Benedict in Germany

According to The New York Times, Pope Benedict's third visit to his native Germany this week drew a crowd of 60,000 for his celebration of Mass.

But it also drew at least 9,000 protestors, according to police estimates. Many of the protestors were no doubt members of Wir sind Kirche (We Are Church), a church reform organization very much like the Call to Action group in the United States.

They called for church reforms that lay Catholics all over the world would like to see: an end to mandatory clerical celibacy, the ordination of women, gay rights, more open policies on family planning and much more transparency in the handling of sex abuse cases.

The Pope addressed the German Bundestag (Parliament), but his speech was boycotted by dozens of legislators because, as one legislator put it, "I thought we had separation of church and state here in our country."

We need to examine this visit in a larger context: the current state of the church in the contemporary world.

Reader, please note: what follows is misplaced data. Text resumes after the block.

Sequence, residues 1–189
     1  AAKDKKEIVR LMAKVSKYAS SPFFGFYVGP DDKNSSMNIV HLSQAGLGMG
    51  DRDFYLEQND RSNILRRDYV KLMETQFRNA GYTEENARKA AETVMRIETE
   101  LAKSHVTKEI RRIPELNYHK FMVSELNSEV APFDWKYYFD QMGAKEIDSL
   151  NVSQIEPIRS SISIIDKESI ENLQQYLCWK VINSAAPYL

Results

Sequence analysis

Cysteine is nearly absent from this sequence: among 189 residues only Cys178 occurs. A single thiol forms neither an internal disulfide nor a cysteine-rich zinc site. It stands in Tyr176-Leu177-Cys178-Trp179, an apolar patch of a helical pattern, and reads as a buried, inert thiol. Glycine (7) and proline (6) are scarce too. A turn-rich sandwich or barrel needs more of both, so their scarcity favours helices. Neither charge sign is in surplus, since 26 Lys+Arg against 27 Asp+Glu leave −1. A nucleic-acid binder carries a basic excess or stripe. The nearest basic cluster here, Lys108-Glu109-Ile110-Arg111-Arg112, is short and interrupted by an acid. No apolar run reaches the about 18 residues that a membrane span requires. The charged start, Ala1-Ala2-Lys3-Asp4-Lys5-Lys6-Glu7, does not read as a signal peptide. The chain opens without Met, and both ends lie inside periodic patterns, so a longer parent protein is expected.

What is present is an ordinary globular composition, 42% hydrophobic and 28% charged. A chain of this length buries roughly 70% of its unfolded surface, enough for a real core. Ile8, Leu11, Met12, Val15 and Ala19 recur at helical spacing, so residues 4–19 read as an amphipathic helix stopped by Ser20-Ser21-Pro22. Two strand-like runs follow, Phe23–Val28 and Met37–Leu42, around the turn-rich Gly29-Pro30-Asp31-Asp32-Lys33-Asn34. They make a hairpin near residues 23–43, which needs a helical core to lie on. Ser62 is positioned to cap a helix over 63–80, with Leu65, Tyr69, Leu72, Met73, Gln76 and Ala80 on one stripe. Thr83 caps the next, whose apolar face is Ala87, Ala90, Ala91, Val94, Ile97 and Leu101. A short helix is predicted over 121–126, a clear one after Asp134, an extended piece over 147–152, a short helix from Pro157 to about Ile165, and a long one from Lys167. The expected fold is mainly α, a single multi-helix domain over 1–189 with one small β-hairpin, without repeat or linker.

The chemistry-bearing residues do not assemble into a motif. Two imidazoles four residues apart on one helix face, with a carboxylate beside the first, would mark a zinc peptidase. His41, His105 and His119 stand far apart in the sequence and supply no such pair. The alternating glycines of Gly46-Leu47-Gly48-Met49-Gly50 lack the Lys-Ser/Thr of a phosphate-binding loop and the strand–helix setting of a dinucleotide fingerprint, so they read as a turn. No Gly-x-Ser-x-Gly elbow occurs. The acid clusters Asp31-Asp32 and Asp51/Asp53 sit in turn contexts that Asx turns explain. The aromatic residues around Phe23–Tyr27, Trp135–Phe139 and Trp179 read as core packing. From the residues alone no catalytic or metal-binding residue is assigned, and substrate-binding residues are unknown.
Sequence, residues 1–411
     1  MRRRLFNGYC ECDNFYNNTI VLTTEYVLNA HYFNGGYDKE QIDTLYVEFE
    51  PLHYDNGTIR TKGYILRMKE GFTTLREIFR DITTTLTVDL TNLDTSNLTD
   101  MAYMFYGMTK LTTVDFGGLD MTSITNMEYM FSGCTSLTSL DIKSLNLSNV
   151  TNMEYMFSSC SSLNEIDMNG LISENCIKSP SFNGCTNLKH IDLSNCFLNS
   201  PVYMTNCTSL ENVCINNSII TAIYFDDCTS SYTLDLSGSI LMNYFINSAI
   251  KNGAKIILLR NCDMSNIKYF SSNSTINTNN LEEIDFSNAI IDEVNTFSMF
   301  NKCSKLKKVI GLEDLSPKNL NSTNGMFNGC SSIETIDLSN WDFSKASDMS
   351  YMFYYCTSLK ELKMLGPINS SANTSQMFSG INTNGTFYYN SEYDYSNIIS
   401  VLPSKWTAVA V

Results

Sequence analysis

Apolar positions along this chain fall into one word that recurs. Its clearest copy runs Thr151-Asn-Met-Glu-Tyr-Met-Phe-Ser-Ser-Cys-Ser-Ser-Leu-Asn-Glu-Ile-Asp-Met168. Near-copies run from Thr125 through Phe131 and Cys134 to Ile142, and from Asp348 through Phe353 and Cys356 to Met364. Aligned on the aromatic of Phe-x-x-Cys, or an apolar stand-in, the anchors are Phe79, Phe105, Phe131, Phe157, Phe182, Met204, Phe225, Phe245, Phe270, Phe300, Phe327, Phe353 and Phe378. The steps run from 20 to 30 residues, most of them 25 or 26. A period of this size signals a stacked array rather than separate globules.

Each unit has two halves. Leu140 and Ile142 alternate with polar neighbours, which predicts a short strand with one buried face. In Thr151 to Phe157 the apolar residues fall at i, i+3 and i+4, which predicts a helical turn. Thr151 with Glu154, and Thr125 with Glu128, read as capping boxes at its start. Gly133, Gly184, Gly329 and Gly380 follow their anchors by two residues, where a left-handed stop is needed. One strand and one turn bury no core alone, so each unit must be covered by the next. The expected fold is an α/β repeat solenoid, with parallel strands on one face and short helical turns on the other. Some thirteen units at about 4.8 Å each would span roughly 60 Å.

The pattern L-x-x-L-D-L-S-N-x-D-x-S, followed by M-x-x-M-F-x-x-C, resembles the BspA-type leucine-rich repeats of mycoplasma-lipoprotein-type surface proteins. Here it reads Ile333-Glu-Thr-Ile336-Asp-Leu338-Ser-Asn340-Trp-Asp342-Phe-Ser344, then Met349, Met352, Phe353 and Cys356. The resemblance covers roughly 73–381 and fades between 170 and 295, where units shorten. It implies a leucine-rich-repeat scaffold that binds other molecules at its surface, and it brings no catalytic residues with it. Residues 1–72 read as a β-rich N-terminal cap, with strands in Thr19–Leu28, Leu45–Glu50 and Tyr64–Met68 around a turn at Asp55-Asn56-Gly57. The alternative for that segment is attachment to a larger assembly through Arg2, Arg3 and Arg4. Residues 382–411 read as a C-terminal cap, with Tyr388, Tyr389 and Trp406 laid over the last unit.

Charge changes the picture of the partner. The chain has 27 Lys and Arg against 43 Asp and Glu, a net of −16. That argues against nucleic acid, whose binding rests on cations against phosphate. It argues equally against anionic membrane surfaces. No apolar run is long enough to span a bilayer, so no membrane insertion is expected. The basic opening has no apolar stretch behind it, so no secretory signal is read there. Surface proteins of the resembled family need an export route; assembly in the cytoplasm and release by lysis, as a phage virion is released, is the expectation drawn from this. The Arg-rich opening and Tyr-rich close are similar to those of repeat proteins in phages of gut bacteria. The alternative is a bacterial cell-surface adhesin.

Clearly, Benedict is not able to command the crowds that the more charismatic John Paul II drew. But these developments in Germany are not simply a matter of personal qualities. When Benedict was first elected, Germans celebrated that event.

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No, this journey of Benedict to Germany is rather a barometer of the lowered status of the church in the world, and the growing dissonance between church policies and the lives of ordinary Catholics the world over.

It is surely a positive development that the pope is not greeted as some type of medieval monarch. But Germany and the world are not merely shedding medieval customs. The depth of the sex abuse scandal has cut deeply, and the results have yet to be dealt with properly.

Witness Ireland in recent weeks, and the United States, as well as Germany. In addition, this refusal of the hierarchy to even consider reform in ways that lay Catholics the world over desire -- in ways that would make the church a relevant force in the modern world -- is moving the institutional church toward irrelevance.

This is the message of German Catholics. Let those who have ears. …


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